Automatic enrolment (AE) has helped level the number of women saving into a workplace pension with the number of men, The Pensions Regulator (TPR) has said.
Latest research from TPR released today (24 October) examined the impacts of AE on savings trends so far.
The regulator said the gender gap in pensions savings has "significantly reduced" thanks to the uptake in women saving into workplace schemes.
More young people are now also saving into workplace pensions, while there has also been an increase in saving among employees of small and micro businesses.
Pensions and financial inclusion minister Guy Opperman said: "It's great to see a whole new generation of workers in big and small businesses putting money away and planning for a more secure future. The progress we've made towards eliminating the gender gap in pension saving is also hugely encouraging."
Workplace saving among non-eligible staff has also nearly doubled under AE with numbers of staff asking their employer to join a scheme, increasing from 16% in 2013/14 to 30% in 2017/18.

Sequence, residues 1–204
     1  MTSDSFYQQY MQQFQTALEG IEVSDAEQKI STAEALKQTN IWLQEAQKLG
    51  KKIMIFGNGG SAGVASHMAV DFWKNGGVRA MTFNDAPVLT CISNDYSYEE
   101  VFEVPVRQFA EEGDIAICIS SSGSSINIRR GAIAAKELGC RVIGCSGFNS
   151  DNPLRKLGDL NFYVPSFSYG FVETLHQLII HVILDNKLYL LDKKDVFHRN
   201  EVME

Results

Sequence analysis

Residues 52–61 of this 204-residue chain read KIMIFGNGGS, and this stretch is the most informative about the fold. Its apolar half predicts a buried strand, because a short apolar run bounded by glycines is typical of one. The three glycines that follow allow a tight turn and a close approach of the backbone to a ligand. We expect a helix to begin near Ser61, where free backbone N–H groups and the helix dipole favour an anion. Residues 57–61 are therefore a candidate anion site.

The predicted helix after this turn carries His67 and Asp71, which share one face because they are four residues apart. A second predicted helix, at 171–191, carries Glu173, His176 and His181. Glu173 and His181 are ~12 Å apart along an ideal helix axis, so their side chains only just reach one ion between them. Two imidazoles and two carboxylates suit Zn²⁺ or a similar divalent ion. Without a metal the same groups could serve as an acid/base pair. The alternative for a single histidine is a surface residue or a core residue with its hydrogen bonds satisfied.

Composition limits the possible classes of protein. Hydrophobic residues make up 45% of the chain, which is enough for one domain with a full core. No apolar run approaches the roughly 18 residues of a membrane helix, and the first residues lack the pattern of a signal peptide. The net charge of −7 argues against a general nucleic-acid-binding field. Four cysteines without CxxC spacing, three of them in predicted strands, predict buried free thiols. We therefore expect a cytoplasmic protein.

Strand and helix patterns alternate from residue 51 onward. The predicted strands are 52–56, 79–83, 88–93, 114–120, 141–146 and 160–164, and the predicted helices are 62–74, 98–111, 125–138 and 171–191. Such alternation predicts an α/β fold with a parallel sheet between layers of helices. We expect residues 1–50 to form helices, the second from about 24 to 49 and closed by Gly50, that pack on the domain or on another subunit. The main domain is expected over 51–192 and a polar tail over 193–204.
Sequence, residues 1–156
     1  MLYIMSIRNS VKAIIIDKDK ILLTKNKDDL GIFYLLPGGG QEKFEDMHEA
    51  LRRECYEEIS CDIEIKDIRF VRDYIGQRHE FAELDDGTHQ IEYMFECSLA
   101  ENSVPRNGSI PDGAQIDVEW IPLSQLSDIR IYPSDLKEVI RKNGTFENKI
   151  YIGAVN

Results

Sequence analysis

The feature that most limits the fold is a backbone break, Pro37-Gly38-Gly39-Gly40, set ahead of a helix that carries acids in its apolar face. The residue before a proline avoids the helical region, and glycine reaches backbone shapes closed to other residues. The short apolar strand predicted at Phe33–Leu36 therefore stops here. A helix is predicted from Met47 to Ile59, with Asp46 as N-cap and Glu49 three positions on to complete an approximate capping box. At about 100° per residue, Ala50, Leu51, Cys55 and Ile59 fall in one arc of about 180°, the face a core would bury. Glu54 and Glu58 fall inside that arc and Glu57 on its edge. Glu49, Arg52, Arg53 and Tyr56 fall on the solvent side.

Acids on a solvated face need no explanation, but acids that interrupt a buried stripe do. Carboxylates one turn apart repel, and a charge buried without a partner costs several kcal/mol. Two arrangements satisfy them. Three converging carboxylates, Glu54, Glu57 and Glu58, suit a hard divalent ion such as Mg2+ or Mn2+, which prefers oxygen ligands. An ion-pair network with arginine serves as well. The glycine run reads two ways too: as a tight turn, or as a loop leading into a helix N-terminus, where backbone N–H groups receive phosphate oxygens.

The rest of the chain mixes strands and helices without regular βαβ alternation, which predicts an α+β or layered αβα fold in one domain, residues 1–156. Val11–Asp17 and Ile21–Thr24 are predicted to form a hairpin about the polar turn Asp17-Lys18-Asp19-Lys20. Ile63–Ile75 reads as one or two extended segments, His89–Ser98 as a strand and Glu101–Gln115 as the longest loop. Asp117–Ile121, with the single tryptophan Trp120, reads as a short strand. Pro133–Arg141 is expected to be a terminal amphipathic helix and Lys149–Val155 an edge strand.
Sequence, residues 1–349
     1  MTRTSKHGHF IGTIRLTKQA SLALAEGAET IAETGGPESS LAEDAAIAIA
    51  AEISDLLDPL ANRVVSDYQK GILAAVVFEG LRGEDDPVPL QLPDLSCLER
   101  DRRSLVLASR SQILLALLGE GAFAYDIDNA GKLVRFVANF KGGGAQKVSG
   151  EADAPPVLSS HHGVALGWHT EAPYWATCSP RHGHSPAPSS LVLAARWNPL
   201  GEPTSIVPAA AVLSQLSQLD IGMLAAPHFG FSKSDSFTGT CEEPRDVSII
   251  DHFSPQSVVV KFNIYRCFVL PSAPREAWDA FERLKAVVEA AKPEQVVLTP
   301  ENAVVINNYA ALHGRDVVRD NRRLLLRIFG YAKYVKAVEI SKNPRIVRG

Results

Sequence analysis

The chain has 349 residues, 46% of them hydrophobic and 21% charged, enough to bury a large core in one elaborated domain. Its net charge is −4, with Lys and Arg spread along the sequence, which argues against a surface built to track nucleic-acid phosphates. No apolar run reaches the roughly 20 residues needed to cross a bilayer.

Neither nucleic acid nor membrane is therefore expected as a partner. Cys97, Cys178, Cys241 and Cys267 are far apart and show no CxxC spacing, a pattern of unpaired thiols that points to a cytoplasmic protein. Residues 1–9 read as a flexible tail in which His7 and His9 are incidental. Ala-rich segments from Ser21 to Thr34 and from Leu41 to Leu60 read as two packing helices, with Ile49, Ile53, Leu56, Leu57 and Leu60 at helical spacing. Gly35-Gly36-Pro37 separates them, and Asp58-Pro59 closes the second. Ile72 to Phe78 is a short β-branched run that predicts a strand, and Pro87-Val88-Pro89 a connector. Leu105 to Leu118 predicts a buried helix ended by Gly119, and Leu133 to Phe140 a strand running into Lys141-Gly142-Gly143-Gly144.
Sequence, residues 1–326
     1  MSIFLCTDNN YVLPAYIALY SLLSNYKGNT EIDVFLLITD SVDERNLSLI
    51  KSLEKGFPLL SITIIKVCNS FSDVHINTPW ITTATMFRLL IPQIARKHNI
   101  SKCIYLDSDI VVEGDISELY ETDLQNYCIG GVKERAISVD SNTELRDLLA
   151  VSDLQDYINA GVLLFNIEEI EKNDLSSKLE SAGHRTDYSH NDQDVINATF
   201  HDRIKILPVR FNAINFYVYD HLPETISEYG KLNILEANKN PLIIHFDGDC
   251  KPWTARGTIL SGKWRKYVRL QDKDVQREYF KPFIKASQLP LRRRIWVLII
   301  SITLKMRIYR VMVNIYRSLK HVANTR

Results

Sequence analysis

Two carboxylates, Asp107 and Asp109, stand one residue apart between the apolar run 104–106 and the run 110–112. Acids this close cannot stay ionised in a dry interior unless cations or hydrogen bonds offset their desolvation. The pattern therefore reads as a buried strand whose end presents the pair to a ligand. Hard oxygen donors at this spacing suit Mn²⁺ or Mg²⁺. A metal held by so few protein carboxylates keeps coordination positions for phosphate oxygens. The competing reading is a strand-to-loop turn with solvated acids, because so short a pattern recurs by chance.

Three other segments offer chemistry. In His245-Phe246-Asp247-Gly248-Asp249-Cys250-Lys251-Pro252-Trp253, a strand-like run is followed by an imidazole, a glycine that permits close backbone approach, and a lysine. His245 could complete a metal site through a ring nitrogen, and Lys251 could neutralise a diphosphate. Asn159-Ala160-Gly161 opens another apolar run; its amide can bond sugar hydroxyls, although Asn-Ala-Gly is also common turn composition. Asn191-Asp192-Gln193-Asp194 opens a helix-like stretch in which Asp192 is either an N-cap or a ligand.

TPR director of AE Darren Ryder added: "It's terrific that the chance to save has been opened up to millions more people who may not have otherwise set up a pension. In years to come, young people in their twenties who started saving today will reap the reward of a retirement they can look forward to.
"When taking on a job, people now expect a pension. Even more encouraging is that there has been a rise in the number of people who, although are not eligible to be automatically enrolled, are asking to join a scheme. This signifies a huge cultural shift."
He added: "To continue to build on the success so far, we want people to get to know their pension and consider whether they are saving enough for the retirement they want."
Government sponsored AE provider NEST, which serves over eight million employees, revealed this month its membership rose by 28% over the 2018/19 fiscal year. It also revealed its male and female members exhibit equal savings behaviour.
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